20

Yes, that’s a ‘72 RI Thinline. There’s several pics and it’s in fact only the finish that came off.

21

That's interesting....my '06 Power Tenny, which fortunately doesn't have any damage appears to have what looks and feels like a relatively thin albeit poly finish that while still glossy has slightly dulled a bit over the years. It's about the best poly finish I have seen if your standard is being similar in look to nitro lacquer. Fender, even on their nitro finished guitars has a tendency to go heavy on the grain filler I guess for a smoother finish or whatever. My MIJ ESP/Edwards Les Paul copy has a nitro finish that appears to be very hard and relatively thin and is starting to really sink into the grain of the wood. The faded Sonic Blue finish (and clear finish on the neck) on my MIM Classic Player 60's Tele looks great and has none of the stickiness that poly finished Fenders are known for but my guess is that it is pretty thick....that being said the guitar still sounds great amplified and is surprisingly loud and resonant when played unplugged.

– Gretschadelphia

I meant FMIC is applying a thick finish on the new 2018 Gretsch guitars. I'm not sure when they started doing this. I have a 2011 Duo Jet that is spectacular.

22

I meant FMIC is applying a thick finish on the new 2018 Gretsch guitars. I'm not sure when they started doing this. I have a 2011 Duo Jet that is spectacular.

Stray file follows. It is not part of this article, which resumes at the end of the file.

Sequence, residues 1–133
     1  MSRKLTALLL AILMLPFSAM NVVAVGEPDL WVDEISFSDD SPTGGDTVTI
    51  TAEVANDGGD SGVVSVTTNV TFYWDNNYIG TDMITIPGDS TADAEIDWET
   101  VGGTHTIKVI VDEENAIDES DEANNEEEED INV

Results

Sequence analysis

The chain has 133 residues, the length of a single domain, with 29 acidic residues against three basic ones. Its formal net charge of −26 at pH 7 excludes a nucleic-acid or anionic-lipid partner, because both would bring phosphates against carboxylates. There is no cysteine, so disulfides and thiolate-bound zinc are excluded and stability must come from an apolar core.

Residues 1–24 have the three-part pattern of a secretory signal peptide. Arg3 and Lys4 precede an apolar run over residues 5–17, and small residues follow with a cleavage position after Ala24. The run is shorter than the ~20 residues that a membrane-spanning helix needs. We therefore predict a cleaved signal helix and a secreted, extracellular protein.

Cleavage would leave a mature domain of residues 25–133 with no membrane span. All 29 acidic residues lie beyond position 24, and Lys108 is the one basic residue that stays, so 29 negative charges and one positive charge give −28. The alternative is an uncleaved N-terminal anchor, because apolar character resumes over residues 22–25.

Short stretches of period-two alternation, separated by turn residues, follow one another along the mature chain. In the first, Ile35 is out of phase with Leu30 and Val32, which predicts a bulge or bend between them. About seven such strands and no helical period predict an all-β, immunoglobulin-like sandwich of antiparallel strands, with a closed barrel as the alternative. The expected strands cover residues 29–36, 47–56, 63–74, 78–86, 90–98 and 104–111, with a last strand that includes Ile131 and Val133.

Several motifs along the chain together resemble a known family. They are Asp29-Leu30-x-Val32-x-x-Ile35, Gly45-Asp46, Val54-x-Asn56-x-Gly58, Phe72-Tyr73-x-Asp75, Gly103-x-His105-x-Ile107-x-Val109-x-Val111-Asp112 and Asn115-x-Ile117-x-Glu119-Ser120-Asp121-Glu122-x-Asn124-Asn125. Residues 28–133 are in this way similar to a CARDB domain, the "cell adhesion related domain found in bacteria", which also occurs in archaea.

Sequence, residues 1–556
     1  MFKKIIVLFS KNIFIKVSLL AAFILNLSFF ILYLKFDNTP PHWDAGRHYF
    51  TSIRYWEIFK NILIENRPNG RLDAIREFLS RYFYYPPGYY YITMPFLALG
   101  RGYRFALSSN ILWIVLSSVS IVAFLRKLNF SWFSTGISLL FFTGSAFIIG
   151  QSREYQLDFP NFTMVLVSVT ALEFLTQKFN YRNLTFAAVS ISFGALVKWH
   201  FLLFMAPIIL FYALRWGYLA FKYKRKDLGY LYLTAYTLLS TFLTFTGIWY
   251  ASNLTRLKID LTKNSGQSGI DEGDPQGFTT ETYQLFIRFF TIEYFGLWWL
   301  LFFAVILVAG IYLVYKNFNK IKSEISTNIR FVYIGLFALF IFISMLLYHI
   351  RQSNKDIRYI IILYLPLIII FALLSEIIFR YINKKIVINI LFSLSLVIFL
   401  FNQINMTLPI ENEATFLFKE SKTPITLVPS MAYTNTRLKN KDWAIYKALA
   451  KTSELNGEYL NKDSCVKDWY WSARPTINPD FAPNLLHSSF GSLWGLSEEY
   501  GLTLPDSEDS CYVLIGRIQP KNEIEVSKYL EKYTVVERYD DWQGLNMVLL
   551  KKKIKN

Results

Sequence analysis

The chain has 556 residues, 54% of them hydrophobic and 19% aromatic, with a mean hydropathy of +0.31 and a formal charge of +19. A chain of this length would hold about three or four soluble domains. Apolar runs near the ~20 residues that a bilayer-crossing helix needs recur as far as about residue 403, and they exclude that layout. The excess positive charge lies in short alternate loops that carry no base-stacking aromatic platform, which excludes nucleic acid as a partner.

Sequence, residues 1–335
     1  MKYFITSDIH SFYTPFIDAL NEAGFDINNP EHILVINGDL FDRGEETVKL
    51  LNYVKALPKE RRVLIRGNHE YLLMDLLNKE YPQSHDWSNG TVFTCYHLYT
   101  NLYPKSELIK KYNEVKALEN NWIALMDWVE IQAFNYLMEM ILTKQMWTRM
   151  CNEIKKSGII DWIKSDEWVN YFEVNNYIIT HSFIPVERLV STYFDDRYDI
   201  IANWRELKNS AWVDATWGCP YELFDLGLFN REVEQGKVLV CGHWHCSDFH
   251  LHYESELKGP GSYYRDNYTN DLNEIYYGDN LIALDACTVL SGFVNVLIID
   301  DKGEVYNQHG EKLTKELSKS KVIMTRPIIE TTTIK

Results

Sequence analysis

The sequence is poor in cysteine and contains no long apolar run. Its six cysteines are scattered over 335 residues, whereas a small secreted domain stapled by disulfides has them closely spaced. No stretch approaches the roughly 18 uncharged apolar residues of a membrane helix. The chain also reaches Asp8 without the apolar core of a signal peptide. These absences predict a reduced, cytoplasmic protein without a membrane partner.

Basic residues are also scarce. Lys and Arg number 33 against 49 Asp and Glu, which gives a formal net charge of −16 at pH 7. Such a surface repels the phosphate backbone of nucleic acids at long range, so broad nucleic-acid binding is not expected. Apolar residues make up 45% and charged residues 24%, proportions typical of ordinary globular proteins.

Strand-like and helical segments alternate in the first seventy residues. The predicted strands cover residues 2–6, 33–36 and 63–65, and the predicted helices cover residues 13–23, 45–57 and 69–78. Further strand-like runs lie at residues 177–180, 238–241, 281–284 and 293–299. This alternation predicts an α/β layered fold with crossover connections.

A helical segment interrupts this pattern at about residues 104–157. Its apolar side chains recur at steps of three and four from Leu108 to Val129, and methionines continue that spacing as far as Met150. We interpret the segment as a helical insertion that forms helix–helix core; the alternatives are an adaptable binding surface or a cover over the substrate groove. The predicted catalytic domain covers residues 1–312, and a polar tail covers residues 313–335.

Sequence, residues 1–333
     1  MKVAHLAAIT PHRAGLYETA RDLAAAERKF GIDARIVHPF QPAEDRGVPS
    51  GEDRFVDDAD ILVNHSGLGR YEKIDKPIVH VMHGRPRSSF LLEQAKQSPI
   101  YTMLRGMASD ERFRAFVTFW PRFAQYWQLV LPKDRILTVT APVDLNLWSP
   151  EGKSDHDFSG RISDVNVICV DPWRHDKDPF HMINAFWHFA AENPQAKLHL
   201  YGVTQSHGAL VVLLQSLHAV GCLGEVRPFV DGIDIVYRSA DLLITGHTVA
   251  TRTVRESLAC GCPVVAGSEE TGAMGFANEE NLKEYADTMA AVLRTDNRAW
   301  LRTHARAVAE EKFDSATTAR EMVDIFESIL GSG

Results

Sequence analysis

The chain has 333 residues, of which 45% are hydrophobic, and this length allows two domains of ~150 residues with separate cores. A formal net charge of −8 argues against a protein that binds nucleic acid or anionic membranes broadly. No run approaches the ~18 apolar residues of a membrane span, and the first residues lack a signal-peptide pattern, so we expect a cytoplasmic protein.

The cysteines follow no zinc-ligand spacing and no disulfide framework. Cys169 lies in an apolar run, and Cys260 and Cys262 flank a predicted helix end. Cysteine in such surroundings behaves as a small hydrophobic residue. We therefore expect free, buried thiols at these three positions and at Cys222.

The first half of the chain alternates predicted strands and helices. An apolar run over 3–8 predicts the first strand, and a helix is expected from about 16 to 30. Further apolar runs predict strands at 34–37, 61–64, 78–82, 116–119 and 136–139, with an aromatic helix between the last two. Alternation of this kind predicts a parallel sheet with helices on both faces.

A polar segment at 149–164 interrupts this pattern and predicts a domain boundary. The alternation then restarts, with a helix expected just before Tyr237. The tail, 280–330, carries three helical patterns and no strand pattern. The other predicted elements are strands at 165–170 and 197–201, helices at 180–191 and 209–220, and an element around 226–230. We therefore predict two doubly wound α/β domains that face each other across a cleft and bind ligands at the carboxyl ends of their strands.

– BuddyHollywood

IMO, that would be a mistake on FMIC's part....if we're talking about the Terada made guitars then I would imagine that is how FMIC is having them spec'd or is it just something Terada is doing? I wonder how the finishes are on the nitro models coming out of Terada these days?

23

I have to say, I like the finish on my new 53 jet, its very nice, doesn't seem overly thick to me. My only issue is stupid; I want the black top to stay new looking but its just getting covered with these micro scratches you can really only see under light, I wonder if I can buff them out when I give it it's first polish...

24

I meant FMIC is applying a thick finish on the new 2018 Gretsch guitars.

Evidence?

I'm not aware of any ongoing finish issues with Terada-built guitars that would motivate FMIC to make any changes to Terada's methods.

Not that I know a fraction of what's going on...but you'd think you'd see discussion about any such issues, and I don't know of any.

25

From a pure "Financial" point of view, it made sense for Fender to do this, for longevity of their Instruments being sold to the public. Also, (and I'm no Chemist) I'm pretty sure that Polyurethane has improved since the late 60's to the point where it breathes better and doesn't have to be slathered on quite as heavily. In the 70's came Polyester, (same stuff clothes are made of), harder and thicker. First of course, (and still available for a price) there was Nitro, tough but doesn't age well. All three were used. Personally I prefer Nitrocellulose Lacquer, but for Mass produced Guitars, science has and did move on long ago. The Guitar in the picture would be simple to strip for paint.......just take a Heat Gun and a Putty knife and in 10 minutes you'd have a clean Body